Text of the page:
Dr. Sukrittaya Jukping of the Women’s Studies department at Chiang Mai University touched on gender roles in Thai society, explaining that even though Thailand is becoming more a country of sexual equality, in some aspects it resembles its patriarchal past. “You can see in the Thai soaps, the good guy will sometimes rape the main female character, but despite the rape and torture they will end up living happily ever after,” explained the ajarn and emphatically asked, “How can Thai women live with that, what kind of message is this sending to Thai women? To exonerate this man after his use of force, the violation, it’s absolutely absurd to me.” She believes the mass media perpetuate the use of force against Thai women. “If Thai women cheat on their spouse it’s a death sentence for her,” said the ajarn, a statement possibly not meant in the metaphorical sense as it did echo some remarks in Gender and Sexualities in Modern Thailand where male study participants broached female infidelity, “Our society can’t accept this kind of behaviour in women. Two tigers can’t live in the same cage. One must die.” (Note the murders by a cuckolded man who shot and killed his wife, her lover and son in May on Khao Sarn Road, a tourist was also injured). Another respondent answered, “This is forbidden. They can be killed by their husbands… It’s the most serious damage a woman can do to her family.” In every case the male conveyed, and even the female to some extent, that the double standard was the standard. “You have to look at the historical context,” said Sukrittaya,” polygamy was practiced for many years, kings housed many consorts, women were not human back then, they were chattel, male property.” She added that social change is ponderous as infidelity is still taboo and rarely talked about; even data is hard to come by as it’s difficult to obtain truthful answers. “If you want to know more about Thailand and gender roles then you must look to our history, there you will find answers.” She mentioned that having a mia noi, second wife, or a consort was a status symbol for many Thai men. “It has been known for a long time that polygamy is acceptable, women are well aware that her man may have this potential to cheat. The seed is already planted, he may prove he’s trustworthy but he’ll have to work at that.” She emphasised that certain social norms are ingrained in the minds of men and women and these norms are difficult to erase. “Even though we’ve abolished polygamy the residue has been etched into the hearts and minds of the people, even in folkloric tales the male hero is often a philanderer.” One such famous allegorical tale where a woman can not make up her mind between two suitors is beheaded for her indecision. “Women are not allowed this choice, a good Thai woman not have ‘two hearts’.” On a more positive note Sukrittaya held out hope for the future, “Don’t underestimate Thai women, even though it’s hard for them to be open about issues, taboos, inequality, they are fighting and will keep on fighting, they are not just victims of society.”

As for Generation Y, the female youngsters of today, do they still live in this world of fear and intractable distrust? I interviewed some female twenty-somethings. All the participants conveyed that men are guilty until proven innocent, or, cynically, until ‘proof is found’. Some mentioned they remember their grandfather’s consorts _ in one case the consort lived with the family _ adding that their mothers had “no choice” but to allow promiscuity, though they felt that their independence earned them the right not to put up with the same maltreatment. One girl maintained, admitting she did not trust men, “What I don’t see, doesn’t bother me… what’s the point in checking phones?” and she laughed. A slightly older girl said, “I would never trust 100%… maybe 80%,” and admitted she had had bad experiences with men in the past. Mirroring Jackson’s study all the participants agreed women cannot sleep around, though it is natural for men. Many women turned the interview down and most of them were reluctant to discuss sexual matters, though one interviewee was quite open, explaining that its not womanly to talk about sex, women are not meant to have sexual opinions. On changing sexual/gender attitudes in Thailand she grinned wryly and said, “Nothing has changed”. Even though the younger female generation is more empowered, more liberated, it is obvious that an undercurrent of tension still exists between the sexes.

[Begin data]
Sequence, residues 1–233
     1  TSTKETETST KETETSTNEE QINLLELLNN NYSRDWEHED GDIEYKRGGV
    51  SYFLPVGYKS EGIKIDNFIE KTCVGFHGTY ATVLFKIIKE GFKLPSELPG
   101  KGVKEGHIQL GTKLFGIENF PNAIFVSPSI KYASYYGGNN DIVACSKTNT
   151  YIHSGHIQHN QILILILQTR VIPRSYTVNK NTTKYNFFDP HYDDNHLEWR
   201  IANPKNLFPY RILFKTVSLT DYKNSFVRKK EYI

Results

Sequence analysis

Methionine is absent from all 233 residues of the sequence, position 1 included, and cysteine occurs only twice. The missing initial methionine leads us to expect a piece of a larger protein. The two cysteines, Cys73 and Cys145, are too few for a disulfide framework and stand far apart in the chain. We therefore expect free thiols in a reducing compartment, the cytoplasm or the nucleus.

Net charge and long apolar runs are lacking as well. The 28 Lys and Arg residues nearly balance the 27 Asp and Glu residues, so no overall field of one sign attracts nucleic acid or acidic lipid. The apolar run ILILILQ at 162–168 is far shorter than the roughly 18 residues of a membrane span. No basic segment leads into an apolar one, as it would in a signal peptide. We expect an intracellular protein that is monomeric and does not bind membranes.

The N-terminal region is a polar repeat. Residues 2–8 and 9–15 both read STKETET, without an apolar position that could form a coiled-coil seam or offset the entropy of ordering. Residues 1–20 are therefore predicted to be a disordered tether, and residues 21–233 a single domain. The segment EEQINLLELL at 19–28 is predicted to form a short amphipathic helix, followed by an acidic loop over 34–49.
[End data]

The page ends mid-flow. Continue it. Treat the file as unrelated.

Lying begets suspicion, cheating encourages mistrust, repression can bare oppression, disempowerment sponsors manipulation, and so on, the vicious cycle of embattled love continues. It seems the female lover has had, still has, a lot to contend with, if not the pains of personal experience, then the weeds of archaic societal beliefs, a history of male domination and double standards. For relationships to succeed, to come to real fruition, whether in friendship, love, or politics, Georg Wilhelm Friedrich Hegel recommended ‘mutual recognition’. An active recognition of each other’s freedom, a more pure awareness of another’s identity, where neither entity is ‘master’ nor ‘slave’. Hegel’s idealism would certainly go a long way in improving the male/female relationship dysphoria in Thailand, in fact, everywhere, but in the words of another renowned deep thinker, Al Hoffman, ‘It takes two to tango’.

1. International Encyclopaedia of Sexuality (2004): Thailand by Kittiwut Jod Taywaditep, Ph.D., Eli Coleman, Ph.D., and Pacharin Dumronggittigule, M.Sc.*Updates by K. J. Taywaditep, Ryan Bishop, Ph.D., and Lillian S. Robinson, Ph.D.

2. Genders & Sexualities in Modern Thailand by Jackson, Peter A. (Editor), Cook, Nerida (Editor) Publisher: Silkworm Books ISBN: 9747551071 EAN: 9789747551075